“We may never know where this came from,” CDC head of Haiti response Scott Dowell told the Journal. “People from other countries have come to Haiti for decades.”
In the meantime, humanitarian agencies are begging for an end to rioting in Cap Haitien, Gonaives, and other cities so they can attempt to stanch the cholera spread.
“We call upon all involved in these clearly orchestrated demonstrations to stop immediately…” UN Humanitarian Coordinator Nigel Fisher stated in a press release. “Every day we lose means hospitals go without supplies, patients go untreated and people remain ignorant of the danger they are facing. It is vital that everything possible is done to contain this outbreak in Cap Haitien while we still can—but this is very difficult in the current environment.”
The United Nations has stopped flights carrying soap, medical supplies, and aid workers to Cap Haitien, according to the statement. Similarly, Oxfam suspended a water chlorination project in the area and the World Health Organization stopped medical training after a food warehouse was looted and burned.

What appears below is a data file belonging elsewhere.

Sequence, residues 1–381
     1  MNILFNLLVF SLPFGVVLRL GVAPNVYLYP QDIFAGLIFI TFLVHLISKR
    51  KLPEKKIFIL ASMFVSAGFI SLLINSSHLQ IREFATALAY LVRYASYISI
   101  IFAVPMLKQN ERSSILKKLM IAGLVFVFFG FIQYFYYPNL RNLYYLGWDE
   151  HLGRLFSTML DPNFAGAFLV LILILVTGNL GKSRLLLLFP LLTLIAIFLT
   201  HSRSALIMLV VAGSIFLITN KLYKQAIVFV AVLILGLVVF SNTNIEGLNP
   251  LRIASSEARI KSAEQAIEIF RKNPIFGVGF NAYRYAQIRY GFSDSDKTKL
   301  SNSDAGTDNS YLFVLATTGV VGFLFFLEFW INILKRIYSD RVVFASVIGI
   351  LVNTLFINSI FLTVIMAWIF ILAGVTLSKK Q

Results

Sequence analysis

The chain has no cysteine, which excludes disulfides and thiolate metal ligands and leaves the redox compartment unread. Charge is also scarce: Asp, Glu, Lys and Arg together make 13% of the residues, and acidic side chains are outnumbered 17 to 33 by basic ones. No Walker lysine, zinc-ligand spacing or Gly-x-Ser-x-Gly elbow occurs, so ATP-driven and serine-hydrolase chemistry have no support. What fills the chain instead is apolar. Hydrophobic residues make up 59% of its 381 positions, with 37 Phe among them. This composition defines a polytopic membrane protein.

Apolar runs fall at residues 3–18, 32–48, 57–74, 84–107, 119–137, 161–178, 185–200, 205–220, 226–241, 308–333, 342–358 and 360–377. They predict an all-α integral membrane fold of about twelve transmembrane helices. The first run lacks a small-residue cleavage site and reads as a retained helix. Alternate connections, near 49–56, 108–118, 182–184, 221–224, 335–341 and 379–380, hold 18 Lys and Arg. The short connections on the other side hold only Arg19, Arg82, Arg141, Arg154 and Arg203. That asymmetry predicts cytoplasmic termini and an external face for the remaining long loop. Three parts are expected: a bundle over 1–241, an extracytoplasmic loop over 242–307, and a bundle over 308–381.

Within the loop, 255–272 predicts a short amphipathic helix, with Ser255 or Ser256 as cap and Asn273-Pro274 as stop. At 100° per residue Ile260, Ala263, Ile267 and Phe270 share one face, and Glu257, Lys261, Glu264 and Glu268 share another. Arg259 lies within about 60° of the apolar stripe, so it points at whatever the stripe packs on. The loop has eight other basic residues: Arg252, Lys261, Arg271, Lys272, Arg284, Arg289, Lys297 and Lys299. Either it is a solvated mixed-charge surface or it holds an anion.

Even when humanitarian organizations are able to resume their work, though, there’s reason to believe cholera in Haiti will be persistent for years to come, according to The Guardian. The inability of most people to take the simplest of precautions against the disease—hand washing with soap and drinking only treated water—are among the reasons health officials expect a prolonged battle. Lack of sanitation facilities and a pure dearth of manpower also factor in.“Simply put, other actors need to get more involved because the needs are far too great to be covered solely by the organizations currently working to prevent and treat cholera,” Stefano Zannini of Doctors Without Borders told the Monitor. “Both the short-term and long-term forecasts indicate that this situation will get worse, possibly far worse, before it gets better.”